PLANT OF THE WEEK

Dr. T. Ombrello - UCC Biology Department

 

PSILOTUM

 

Common names:      Whisk Fern  

 

Scientific name:    Psilotum nudum

 

Explanation of scientific name:

Psilotum - from the Greek word “psilos” meaning bare.

nudum - Latin for naked, nude.

The scientific names reflect this species’ lack of many of the organs typically present on the common plants around us.

While not the most attractive of plants, Psilotum nudum has the distinction of representing the most primitive vascular plants on Earth today.  The vascular (circulatory) system of Psilotum nudum consists of a series of tube-shaped cells that conduct water, minerals, and organic materials throughout the plant.  This vascular system is essentially the same as those found in the trees, shrubs, flowers, and grasses we are familiar with.  The similarity to these plants, however, ends with the vascular system.

Psilotum nudum lacks most typical plant organs.  The plant has no roots, leaves, flowers, fruits, or seeds.  It consists primarily of stems.  Besides reaching about 1 foot above the soil surface, the stems extend beneath the soil, branching to form a network of smaller stems to hold the plant erect and absorb water and minerals for nutrition.  These underground stems, called rhizomes, do not have the same elaborate and efficient means of gathering water as do “true” roots, but they grow in intimate contact with special fungi that aid their absorptive capabilities.  The above ground stems of Psilotum nudum have small scale-like appendages called enations and clustered yellow spherical structures called synangia.  The synangia produce microscopic, single-celled reproductive units called spores.  When mature, the synangia open, releasing the spores to be dispersed by the wind.  The dust-like spores can be carried for miles to produce the next generation.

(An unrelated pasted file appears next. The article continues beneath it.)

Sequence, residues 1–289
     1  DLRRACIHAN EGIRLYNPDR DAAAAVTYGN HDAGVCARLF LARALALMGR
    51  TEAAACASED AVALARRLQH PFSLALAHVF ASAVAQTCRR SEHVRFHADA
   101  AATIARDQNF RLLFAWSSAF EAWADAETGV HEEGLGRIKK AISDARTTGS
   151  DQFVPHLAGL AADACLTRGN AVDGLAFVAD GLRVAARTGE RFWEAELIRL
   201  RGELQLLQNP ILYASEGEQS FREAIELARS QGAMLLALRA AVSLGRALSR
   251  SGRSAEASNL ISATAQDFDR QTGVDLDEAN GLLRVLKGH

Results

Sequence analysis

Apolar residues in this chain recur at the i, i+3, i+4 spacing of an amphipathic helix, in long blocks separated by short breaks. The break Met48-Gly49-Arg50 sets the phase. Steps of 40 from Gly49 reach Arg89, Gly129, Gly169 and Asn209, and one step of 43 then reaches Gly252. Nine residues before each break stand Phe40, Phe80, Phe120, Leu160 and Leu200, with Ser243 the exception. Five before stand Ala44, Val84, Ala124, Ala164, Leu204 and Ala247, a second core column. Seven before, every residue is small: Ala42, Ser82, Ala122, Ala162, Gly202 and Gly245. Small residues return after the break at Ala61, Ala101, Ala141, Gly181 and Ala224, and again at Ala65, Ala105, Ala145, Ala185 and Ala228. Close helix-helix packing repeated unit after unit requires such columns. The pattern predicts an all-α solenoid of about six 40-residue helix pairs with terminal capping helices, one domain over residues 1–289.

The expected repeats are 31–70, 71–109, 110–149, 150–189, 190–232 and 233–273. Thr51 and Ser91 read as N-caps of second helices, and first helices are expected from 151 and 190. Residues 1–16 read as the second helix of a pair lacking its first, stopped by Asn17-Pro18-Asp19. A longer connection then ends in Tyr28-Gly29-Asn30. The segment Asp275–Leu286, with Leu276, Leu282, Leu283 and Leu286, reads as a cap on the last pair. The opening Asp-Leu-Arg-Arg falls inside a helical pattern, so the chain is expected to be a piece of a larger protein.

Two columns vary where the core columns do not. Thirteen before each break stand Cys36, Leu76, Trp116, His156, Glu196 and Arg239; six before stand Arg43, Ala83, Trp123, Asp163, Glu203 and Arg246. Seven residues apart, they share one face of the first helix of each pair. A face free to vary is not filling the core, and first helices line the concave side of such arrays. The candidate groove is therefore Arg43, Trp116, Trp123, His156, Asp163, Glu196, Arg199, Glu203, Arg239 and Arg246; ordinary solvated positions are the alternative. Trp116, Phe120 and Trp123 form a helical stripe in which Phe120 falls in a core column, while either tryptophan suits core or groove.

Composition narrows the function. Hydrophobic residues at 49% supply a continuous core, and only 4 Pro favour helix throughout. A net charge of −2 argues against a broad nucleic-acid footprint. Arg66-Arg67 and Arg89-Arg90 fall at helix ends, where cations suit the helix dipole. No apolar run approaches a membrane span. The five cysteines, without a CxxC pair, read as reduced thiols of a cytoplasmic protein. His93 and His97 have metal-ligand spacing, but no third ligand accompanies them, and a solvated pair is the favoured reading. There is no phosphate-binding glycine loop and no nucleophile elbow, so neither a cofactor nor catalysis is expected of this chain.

Psilotum nudum is native to the Untied States.  Ranging from Arizona and Texas to Louisiana and Florida, it occasionally is found as far north as South Carolina.  The species grows on moist, rich soil or as an epiphyte (living upon other plants, such as in the humus accumulated in the crotches of trees). 

Psilotum nudum belongs to the taxonomic division of plant life called Psilophyta.  Today this division has only 10 living species representing it, but in the past members of Psilophyta made up a significant portion of the vegetation in North America, Europe, and Asia.  Fossil evidence, first uncovered in Scotland in the 1800s, indicates that Psilophytes were thriving over 400 million years ago, appearing much the same as Psilotum nudum does today.

Although the Psilophytes are the oldest and simplest vascular plants of which we have any record, their origin is unknown.  Whether they arose independently or evolved from more primitive plants such as the green algae is still debated by scientists.  Another question that remains unresolved is whether the Psilophytes were the predecessors to the modern flora of the world, or evolutionary “dead ends” that have become practically extinct as more advanced plant forms appeared.  Recent evidence has led some botanists to classify the living Psilophytes as primitive ferns, and not as an independent division of plants.  Unless more complete fossil evidence is found, these questions about the origin and role of the Psilophytes in the history and evolution of Earth’s plant life may never be resolved.

Besides serving as a botanical curiosity to frustrate scientists, Psilotum nudum has little importance to mankind.  Its common name, Whisk Fern, alludes to its use in the past as a small broom, made by tying a handful of its branches together.  Psilotum nudum was once prized as an ornamental in Japan, and about 100 varieties were known.

A close-up view of a Psilotum plant growing in one of Union County College's greenhouses.  Note the yellow, spore producing synangia.

A Psilotum plant growing in one of Union County College's greenhouses.